ECB cuts rates for first time since 2019 – but warns higher prices could return

The European Central Bank (ECB) cut interest rates yesterday despite hiking inflation expectations for this year.

ECB policymakers are now expected to hit the pause button before slashing borrowing costs further amid fears that domestic prices could spiral again.

City analysts said there could be fewer rate cuts than previously expected this summer after the ECB hiked its inflation forecasts.

ECB President Christine Lagarde 

It comes ahead of a Bank of England meeting to be held later this month where policymakers will vote on whether to move rates or hold them at a 16-year high of 5.25pc.

At a meeting in Frankfurt, the European Central Bank’s economists decided to lower interest rates for the first time in five years in a boost for European households.

They voted to reduce borrowing costs by 25 basis points – from 4pc to 3.75pc – despite an increase in inflation last month.

But the central bank, led by president Christine Lagarde (pictured), warned price growth will stay above the 2pc target ‘well into next year’. In a move that has dampened hopes of a further cut next month, the ECB hiked expectations for inflation this year from 2.3pc to 2.5pc, and from 2pc to 2.2pc in 2025.

Susannah Streeter, analyst at financial services company Hargreaves Lansdown, said it looks ‘unlikely’ that economists will vote for another cut next month.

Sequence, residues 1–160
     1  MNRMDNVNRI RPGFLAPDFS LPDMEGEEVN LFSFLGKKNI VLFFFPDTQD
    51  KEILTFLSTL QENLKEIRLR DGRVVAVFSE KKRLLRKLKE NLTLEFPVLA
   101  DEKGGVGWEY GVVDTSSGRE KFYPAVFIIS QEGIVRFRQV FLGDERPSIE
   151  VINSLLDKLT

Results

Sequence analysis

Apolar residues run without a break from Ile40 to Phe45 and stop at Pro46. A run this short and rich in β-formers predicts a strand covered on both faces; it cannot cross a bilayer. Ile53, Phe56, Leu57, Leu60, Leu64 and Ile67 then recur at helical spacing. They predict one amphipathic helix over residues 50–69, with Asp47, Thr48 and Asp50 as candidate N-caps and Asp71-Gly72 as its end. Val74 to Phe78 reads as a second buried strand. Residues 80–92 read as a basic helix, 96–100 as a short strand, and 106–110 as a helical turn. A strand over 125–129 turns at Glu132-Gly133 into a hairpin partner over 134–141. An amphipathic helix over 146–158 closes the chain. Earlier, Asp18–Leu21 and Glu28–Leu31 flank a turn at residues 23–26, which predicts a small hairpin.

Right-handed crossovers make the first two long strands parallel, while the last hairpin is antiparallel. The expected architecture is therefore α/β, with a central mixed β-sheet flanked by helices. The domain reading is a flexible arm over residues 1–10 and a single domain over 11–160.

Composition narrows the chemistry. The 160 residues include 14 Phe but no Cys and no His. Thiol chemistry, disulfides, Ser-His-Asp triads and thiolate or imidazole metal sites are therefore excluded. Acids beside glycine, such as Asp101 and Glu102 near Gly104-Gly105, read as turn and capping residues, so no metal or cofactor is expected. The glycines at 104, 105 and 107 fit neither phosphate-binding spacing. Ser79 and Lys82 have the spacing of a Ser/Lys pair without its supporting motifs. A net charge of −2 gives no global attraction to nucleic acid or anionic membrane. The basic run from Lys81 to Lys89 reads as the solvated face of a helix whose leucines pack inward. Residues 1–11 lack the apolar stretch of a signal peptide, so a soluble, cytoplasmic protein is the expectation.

‘ECB policymakers are expected to hit the pause button now, as sticky inflation has returned as a worry,’ she said. ‘While rates went straight up like a rocket, they look likely to descend in bumpy fashion.’

She added: ‘Caution is set to stay the name of the game, as they await fresh indications about inflation’s path.’

Lagarde said that only one governing council member had opposed the bank’s decision to cut rates.

This is understood to be Austrian central bank chief Robert Holzmann, who had cited the rise in inflation projections as grounds to stay put.

Eurozone inflation has fallen to 2.6pc from a peak of 10.6pc in October 2022, although it has risen from 2.4pc in April. What had looked like the start of a major ECB easing cycle only a few weeks ago now appears more uncertain due to signs that inflation may prove sticky.

The raised inflation forecasts prompted traders to lower their bets on a second cut by September to close to 60pc, from 70pc before the announcement.

Lagarde said that the bank would keep interest rates ‘sufficiently restrictive for as long as necessary’ to bring price growth under control. She said the bank was ‘not pre-committing to a particular rate path’ and warned that ‘domestic price pressures remain strong as wage growth is elevated, and inflation is likely to stay above target well into next year’.

Mark Wall, the chief European economist at Deutsche Bank, said that the central bank had given ‘less guidance than might have been expected on what comes next’.

‘This is not a central bank in a rush to ease policy,’ he said.